"request_id": "2aa29fd6-9fa3-3edd-2f8b-2a0e4c007e8c",
      "lease_id": "",
      "lease_duration": 0,
      "renewable": false,
      "data": {
        "imported_issuers": null,
        "imported_keys": null,
        "mapping": {
          "aa877391-b4f2-045d-63da-33521c91dc68": "8257875c-4016-f28e-288b-ecca33065097"
      "warnings": null
  11. Enable the Vault intermediate cert path. Replace ${REMOTE_CLUSTER} with your cluster's name.

    kubectl --context="${MGMT_CONTEXT}" exec -n vault vault-0 -- /bin/sh -c 'vault secrets enable -path=pki_int_${REMOTE_CLUSTER} pki'

    Example output:

    Success! Enabled the pki secrets engine at: pki_int_${REMOTE_CLUSTER}/
  12. Set the policy for the intermediate cert path. Replace ${REMOTE_CLUSTER} with your cluster's name.

    kubectl --context="${MGMT_CONTEXT}" exec -n vault vault-0 -- /bin/sh -c 'vault policy write gen-int-ca-istio-${REMOTE_CLUSTER}-mesh - <<EOF
    path "pki_int_${REMOTE_CLUSTER}/*" {
    capabilities = ["create", "read", "update", "delete", "list"]
    path "pki/cert/ca" {
    capabilities = ["read"]
    path "pki/root/sign-intermediate" {
    capabilities = ["create", "read", "update", "list"]

    Example output:

    Success! Uploaded policy: gen-int-ca-istio-${REMOTE_CLUSTER}-mesh
  13. Repeat the steps 5-12 for each workload cluster.

Now that Vault is set up in your clusters, you can use Vault as an intermediate CA provider. If you see any errors, review the troubleshooting section.

Update Gloo RBAC

The istio-agent sidecar in each cluster needs to read and modify Gloo resources. To enable the necessary RBAC permissions, update the gloo-agent Helm release. You can update the Helm release by adding the following snippet to the YAML configuration file in your GitOps pipeline or directly with the helm upgrade command.

createRoleBinding: true
  1. Set the Gloo version as an environment variable.
    export GLOO_VERSION=2.3.0-beta2
  2. Make sure that you have the Helm repo for the Gloo agent. Note that you might have a different name for the Helm repo, such as gloo-mesh-agent.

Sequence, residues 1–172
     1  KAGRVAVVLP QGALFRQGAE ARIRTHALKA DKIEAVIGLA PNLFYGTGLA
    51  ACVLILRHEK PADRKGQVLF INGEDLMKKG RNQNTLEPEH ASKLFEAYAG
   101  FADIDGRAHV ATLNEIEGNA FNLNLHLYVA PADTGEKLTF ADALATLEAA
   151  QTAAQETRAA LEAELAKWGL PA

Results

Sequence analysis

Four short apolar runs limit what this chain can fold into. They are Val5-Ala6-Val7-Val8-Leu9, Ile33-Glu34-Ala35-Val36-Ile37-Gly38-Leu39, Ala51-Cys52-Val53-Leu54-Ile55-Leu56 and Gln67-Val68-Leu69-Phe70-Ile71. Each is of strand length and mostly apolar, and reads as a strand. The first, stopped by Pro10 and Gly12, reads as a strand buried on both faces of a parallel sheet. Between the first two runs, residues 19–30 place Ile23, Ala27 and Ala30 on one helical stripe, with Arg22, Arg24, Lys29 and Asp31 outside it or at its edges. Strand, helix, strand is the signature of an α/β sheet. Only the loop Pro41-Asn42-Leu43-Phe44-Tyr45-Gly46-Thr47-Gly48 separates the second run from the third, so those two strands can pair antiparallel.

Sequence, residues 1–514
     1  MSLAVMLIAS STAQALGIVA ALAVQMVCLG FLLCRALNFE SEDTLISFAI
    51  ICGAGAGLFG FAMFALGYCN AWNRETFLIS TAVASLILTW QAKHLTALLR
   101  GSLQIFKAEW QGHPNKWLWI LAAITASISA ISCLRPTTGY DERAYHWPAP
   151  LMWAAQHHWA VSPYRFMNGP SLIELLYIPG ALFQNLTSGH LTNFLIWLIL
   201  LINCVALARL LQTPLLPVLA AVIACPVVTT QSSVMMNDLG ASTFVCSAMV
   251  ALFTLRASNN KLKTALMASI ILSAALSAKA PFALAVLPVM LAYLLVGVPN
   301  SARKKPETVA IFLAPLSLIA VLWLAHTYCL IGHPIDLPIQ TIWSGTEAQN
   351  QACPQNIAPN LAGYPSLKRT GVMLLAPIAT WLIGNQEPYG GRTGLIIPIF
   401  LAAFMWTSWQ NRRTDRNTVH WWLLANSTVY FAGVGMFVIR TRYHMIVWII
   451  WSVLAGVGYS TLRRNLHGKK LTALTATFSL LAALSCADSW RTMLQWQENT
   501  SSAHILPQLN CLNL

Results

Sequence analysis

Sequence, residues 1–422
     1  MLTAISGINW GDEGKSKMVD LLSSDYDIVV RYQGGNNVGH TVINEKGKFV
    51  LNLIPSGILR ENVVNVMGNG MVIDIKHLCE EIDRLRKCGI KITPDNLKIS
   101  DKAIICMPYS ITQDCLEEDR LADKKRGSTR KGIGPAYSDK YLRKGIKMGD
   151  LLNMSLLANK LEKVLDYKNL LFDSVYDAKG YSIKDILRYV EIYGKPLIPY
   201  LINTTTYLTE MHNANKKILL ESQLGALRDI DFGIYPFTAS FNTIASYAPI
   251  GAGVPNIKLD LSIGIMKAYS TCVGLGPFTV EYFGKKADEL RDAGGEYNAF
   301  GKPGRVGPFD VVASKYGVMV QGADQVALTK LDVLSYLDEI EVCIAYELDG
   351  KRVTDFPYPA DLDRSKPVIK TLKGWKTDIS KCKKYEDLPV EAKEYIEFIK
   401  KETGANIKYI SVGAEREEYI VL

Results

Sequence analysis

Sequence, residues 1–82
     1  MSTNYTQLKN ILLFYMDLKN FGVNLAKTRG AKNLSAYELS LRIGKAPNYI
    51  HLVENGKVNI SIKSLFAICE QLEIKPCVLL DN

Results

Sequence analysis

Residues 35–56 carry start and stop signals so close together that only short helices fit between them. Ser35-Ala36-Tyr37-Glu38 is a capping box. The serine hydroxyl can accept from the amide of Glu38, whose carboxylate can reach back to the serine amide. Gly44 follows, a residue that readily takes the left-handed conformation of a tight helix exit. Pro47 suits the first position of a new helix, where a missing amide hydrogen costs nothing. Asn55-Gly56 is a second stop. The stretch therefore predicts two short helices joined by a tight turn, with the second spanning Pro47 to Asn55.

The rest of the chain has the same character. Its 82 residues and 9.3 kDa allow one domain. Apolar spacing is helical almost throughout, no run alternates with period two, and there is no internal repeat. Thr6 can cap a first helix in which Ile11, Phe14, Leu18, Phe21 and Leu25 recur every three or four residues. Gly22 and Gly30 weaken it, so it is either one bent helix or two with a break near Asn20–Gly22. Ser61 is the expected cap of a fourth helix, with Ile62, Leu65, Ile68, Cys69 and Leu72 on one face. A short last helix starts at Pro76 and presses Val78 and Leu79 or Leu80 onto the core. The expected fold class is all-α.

helm repo add gloo-agent --kube-context ${REMOTE_CONTEXT}
    helm repo update --kube-context ${REMOTE_CONTEXT}
  3. Upgrade the Helm chart with the required RBAC permission. Note that you might have a different name for the Helm repo, such as gloo-mesh-agent.
    helm get values -n gloo-mesh gloo-agent --kube-context=${REMOTE_CONTEXT} > ${REMOTE_CLUSTER}-values.yaml
    echo "istiodSidecar:" >> ${REMOTE_CLUSTER}-values.yaml
    echo "  createRoleBinding: true" >> ${REMOTE_CLUSTER}-values.yaml
    echo "  istiodServiceAccount:" >> $cluster-values.yaml
    echo "    name: istiod-service-account" >> $cluster-values.yaml
    echo "    namespace: istio-system" >> $cluster-values.yaml   
    helm upgrade -n gloo-mesh gloo-agent gloo-mesh-agent/gloo-mesh-agent --kube-context="${REMOTE_CONTEXT}" --version=$GLOO_VERSION -f ${REMOTE_CLUSTER}-values.yaml

Modify istiod

So far, you set up the Gloo Mesh agent on each cluster to use Vault for the intermediate CA. Now, you can modify your Istio installation to support fetching and dynamically reloading the intermediate CA from Vault.

These steps use the post rendering feature supported in Helm 3.1 and later, along with Kustomize. These features patch the rendered manifest of the istiod deployment before it is applied to the cluster without the need to modify the Helm chart itself, because deployment patches cannot be added to the istiod Helm chart directly.

  1. Get the version of the Gloo management server that runs in your management cluster.

    export MGMT_PLANE_VERSION=$(meshctl version --kubecontext $MGMT_CONTEXT | jq '.server[].components[] | select(.componentName == "gloo-mesh-mgmt-server") | .images[] | select(.name == "gloo-mesh-mgmt-server") | .version')

    Example output:

  2. Save the following patch, which updates the istiod deployment with the gloo-mesh-istiod-agent sidecar to load and store the Vault certificates before the deployment is applied to the cluster.

    cat > vault-patch.yaml <<EOF
    apiVersion: apps/v1
    kind: Deployment
      name: istiod
          - name: cacerts
            secret: null
              medium: Memory
          # override the istiod-agent container to use the istiod-agent build
          - name: istiod-agent
            imagePullPolicy: IfNotPresent
            - mountPath: /etc/cacerts